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Showing posts from August, 2016

The Beginner's Mind Revisited: The Importance of Ritual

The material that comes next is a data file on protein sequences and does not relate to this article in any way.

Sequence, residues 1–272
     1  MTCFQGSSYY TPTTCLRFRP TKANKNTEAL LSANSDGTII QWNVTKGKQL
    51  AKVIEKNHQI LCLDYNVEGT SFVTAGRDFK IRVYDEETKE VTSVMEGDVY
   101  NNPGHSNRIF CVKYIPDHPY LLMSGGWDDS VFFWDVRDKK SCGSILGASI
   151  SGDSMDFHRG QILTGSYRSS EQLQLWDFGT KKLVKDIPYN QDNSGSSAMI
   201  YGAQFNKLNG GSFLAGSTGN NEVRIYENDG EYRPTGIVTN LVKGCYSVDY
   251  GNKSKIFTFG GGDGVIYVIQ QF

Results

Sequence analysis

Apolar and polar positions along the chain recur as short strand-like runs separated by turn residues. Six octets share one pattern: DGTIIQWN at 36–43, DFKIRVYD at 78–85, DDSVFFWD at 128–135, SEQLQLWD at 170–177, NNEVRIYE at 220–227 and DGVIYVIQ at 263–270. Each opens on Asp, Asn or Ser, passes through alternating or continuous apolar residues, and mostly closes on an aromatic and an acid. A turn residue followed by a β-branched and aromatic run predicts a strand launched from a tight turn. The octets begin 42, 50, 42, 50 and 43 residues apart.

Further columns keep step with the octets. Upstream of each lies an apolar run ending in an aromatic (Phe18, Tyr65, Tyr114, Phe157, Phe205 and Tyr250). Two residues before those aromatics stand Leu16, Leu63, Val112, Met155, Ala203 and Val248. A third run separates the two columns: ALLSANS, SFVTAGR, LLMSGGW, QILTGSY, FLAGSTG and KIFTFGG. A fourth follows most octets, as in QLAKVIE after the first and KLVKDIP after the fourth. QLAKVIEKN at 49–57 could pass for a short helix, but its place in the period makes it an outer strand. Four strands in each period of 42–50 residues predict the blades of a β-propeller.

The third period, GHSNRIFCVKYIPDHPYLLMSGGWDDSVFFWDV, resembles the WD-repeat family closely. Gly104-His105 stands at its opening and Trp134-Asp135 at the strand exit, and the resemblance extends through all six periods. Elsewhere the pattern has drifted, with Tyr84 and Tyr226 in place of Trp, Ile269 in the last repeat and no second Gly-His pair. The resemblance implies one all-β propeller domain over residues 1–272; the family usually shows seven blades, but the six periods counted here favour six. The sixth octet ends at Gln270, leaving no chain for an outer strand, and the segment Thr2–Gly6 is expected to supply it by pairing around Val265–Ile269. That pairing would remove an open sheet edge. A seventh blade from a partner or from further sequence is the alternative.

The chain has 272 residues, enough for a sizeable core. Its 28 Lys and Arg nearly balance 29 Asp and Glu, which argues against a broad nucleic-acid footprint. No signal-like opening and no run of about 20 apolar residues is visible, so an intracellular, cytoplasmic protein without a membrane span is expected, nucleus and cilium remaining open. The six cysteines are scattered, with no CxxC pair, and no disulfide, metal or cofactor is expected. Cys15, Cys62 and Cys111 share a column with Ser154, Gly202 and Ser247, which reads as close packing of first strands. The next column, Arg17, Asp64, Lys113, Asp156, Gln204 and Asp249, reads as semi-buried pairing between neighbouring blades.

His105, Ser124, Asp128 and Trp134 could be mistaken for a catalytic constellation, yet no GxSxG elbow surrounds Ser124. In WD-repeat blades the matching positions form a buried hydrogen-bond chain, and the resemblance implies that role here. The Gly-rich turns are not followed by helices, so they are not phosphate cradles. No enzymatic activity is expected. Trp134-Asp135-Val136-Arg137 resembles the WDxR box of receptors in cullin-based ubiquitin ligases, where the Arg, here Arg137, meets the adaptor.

Last fall, I wrote about the  Beginner's Mind  in relation to new teachers and their expectations. And it's no accident that one year later, as the school year renews, as teachers and students return to engage in another year of learning, as we embark upon the predictable and unpredictable moments in the cycle of the school, that the Beginner's Mind becomes part of the yearly ritual I return to. The concept of the Beginner's Mind comes from the Zen Buddhist tradition and is known in Japanese as " Shoshin  ( 初心 )":   an attitude of openness, eagerness, and lack of preconceptions when entering any task, familiar or unfamiliar. For educators, this can be an especially important mindset as we begin with new courses, grade levels, and groups of students, even ones we have known and taught before. The Beginner’s Mind allows us the opportunity to meet people again as they change, to allow for us to change as well. The Beginner’s Mind makes innovation possible, g